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This beautiful centrepiece originates from the 70th Foot, a forebear regiment of The East Surrey Regiment. It depicts an Arab on horseback with his native retainer loading a crouched camel. Titled "A Halt in the Desert" it was originally made as prize for the Goodwood Cup Race and was presented to the Regiment by Brigadier GRP Roupell VC CB DL.

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The painting is by Fred Row, RI, who completed numerous war pictures and paintings. This picture depicts an episode during the Defence of Hill 60, South of Ypres on the Western Front, over the period 19-21 April 1915. It portrays one of the many German assaults that took place on the late afternoon of 20 April, and the view is taken from the high ground about 200 yards south of the Hill.

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This picture shows the dining room of the Officers' Mess. used for both formal and routine dining by the Officers of the Battalion, it is dominated by the campaign table, which is believed to be more than 200 years old. Campaign furniture was used by officers and their staffs during military campaigns, and were most often hand crafted by master cabinet makers. They would have strong but removable fittings, making it easy to break up the tables for transportation as battles and campaigns progressed. The table is flanked by portraits and silver belonging to the Regiment's forebears.

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Displayed in the Public Rooms of the 2nd Battalion the Princess of Wales’s Royal Regiment this painting portrays the storming of Gold Beach by the lead elements of the 1 Hampshire Battle Group as part of 231 Division. 

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On the 18th November the Battalion held is sports dinner at the Warrant Officers' and Sergeants' Mess.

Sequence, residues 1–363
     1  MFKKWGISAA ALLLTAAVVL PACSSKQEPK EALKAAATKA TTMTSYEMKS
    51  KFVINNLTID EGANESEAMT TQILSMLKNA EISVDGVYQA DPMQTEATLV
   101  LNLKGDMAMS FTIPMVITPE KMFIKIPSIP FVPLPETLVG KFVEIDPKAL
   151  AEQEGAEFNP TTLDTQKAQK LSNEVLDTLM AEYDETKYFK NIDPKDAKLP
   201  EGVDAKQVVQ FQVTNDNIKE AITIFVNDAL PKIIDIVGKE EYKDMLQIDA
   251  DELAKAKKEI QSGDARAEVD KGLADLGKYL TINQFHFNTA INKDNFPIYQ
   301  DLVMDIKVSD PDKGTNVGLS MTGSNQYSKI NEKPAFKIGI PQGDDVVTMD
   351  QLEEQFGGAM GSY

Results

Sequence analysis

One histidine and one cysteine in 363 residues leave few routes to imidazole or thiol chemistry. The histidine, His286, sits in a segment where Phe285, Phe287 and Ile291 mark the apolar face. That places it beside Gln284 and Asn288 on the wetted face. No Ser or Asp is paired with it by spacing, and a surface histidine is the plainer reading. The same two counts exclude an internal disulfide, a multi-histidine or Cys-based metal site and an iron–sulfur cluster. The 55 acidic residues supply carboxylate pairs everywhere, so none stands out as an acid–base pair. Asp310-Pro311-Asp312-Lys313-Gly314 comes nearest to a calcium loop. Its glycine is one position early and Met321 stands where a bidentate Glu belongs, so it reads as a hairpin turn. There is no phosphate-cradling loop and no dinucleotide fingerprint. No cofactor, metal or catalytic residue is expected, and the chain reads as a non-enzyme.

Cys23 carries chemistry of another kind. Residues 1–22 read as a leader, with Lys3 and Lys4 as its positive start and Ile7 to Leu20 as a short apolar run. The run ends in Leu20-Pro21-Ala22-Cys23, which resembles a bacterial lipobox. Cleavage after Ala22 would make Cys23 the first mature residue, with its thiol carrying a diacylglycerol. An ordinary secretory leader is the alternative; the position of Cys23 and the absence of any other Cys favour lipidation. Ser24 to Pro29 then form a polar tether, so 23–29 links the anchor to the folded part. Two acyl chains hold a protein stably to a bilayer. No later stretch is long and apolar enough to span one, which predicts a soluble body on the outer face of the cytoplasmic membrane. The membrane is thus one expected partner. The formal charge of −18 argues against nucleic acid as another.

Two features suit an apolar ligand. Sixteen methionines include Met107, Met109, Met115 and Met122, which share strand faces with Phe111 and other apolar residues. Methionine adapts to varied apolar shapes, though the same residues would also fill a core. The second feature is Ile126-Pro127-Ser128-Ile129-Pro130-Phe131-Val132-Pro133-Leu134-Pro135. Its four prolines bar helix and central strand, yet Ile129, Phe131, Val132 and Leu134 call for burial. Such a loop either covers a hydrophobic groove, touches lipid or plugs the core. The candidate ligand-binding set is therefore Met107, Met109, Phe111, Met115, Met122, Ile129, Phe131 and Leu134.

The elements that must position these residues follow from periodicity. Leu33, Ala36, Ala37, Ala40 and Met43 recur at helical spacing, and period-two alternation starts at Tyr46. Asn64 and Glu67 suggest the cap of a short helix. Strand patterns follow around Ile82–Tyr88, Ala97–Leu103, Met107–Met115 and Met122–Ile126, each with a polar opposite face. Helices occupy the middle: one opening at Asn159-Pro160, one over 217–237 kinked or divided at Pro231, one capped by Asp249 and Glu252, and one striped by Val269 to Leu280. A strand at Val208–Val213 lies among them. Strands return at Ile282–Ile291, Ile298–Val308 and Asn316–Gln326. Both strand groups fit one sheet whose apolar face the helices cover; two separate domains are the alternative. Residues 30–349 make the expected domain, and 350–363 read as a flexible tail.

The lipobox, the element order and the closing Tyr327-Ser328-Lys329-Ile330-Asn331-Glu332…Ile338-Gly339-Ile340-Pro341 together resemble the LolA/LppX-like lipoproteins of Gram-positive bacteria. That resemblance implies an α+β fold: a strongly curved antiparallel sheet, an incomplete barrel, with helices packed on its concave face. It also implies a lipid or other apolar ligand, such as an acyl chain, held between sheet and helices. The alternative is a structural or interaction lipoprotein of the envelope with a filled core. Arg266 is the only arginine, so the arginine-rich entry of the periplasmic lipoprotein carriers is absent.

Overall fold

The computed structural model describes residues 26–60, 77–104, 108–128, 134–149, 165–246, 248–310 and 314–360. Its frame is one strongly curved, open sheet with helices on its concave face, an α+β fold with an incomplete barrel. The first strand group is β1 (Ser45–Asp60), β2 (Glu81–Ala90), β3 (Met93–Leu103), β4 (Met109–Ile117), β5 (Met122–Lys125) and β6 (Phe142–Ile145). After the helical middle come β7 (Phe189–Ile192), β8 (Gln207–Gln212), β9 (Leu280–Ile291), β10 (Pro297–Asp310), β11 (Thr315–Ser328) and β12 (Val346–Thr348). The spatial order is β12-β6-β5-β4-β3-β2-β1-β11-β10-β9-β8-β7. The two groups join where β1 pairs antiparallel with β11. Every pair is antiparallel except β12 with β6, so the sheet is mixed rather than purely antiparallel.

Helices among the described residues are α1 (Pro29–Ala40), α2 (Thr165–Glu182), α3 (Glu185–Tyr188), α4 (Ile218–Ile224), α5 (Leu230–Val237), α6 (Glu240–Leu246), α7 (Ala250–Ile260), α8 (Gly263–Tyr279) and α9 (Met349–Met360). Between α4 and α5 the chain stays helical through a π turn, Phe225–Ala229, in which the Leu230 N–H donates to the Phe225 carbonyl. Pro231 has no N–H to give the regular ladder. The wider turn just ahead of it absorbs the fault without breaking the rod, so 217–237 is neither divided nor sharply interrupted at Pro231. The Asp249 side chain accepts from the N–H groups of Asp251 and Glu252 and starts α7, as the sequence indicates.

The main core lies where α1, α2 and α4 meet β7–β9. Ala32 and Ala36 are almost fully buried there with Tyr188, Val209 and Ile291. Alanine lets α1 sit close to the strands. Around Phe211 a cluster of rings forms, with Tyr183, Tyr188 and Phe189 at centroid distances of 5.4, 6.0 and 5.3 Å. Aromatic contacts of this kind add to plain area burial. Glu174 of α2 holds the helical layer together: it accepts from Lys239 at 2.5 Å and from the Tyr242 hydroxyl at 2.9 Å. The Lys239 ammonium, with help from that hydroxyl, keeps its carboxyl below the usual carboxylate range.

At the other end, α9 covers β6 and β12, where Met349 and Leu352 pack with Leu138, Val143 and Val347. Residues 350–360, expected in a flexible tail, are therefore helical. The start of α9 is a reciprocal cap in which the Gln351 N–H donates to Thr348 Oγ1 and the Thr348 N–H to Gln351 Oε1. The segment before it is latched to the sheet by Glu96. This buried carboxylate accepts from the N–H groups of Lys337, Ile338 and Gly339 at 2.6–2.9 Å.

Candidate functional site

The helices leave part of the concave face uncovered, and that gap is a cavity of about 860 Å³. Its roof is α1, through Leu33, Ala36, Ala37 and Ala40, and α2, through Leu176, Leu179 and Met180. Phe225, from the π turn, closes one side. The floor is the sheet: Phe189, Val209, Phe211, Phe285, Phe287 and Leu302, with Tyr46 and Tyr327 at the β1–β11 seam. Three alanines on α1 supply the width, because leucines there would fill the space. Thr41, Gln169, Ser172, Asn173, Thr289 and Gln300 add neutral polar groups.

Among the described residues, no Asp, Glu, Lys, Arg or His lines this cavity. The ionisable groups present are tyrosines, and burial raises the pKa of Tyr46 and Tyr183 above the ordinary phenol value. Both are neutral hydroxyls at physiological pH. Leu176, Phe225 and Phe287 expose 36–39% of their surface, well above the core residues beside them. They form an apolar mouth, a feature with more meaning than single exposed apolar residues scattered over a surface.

The dinner was organised in recognition of the achievements of those who have contributed to sporting life within the battalion. In attendance was the Chief of Staff of British Forces Cyprus, Brigadier Nick Orr, who congratulated the battalion on a great sporting year, and what a year it's been!

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This helmet was worn by other Ranks of the 4th Volunteer Battalion who were based in Lambeth and Southwark and descended from the 19th Surrey Rifle Volunteers and would become 24th Battalion of the London Regiment in 1908 before returning to the Queen’s Royal Regiment in 1937 to become it’s 7th Territorial Army Battalion. Sadly this helmet was destroyed in the Clandon House fire of April 2015.

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57th (West Middlesex) Regiment of Foot {later to become The Duke of Cambridgeshire's Own (Middlesex Regiment)} - c 1879 brass Glengarry badge, consists of a “57” surrounded by laurel leaves with a “crown” on top and a scroll at the bottom inscribed “Albuhera”.

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The Regimental Quick March is ‘The Farmer’s Boy’ (From The Royal Hampshire Regiment) leading into ‘Soldiers of The Queen’ (From The Queen’s Regiment).

The Regimental Slow March is ‘The Minden Rose’ (From The Royal Hampshire Regiment).

The main forebear regimental marches, which are often played on regimental occasions are as follows:

The Queen’s Regiment
Quick: ‘Soldiers of The Queen’.
Slow: ‘The Caledonian’.

The Queen’s Royal Surrey Regiment
Quick: ‘Braganza’/‘Lass O’Gowrie’; ‘Old Queens’ (Only played in the Officers Mess and never on Parade);

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This is a hand painted colour of the 7th (Service) Battalion of The Queen’s Royal Regiment (West Surrey). War Raised Units were just that so as soon as possible after the cessation of hostilities these units were disbanded. This particular Colour was returned to Stoughton Barracks on 13th June 1919 to be laid up along with similar colours in Holy Trinity Church Guildford before being transferred to the museum.

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The Adjutant's Cane dates from the amalgamation of The Queen's Regiment and the Royal Hampshire Regiment on 9 September 1992. It was presented to the Officers' Mess by Captain MR Hanscomb who was the initial Adjutant of the 1st Battalion; he served in the role from 9 September 1992 until 25 June 1993. The cane itself is 70cm in length, with a silver knob acting as the hilt of the shaft, it is indented and engraved with the regimental capbadge. The end is silver capped with a length of the cane being blackened wood.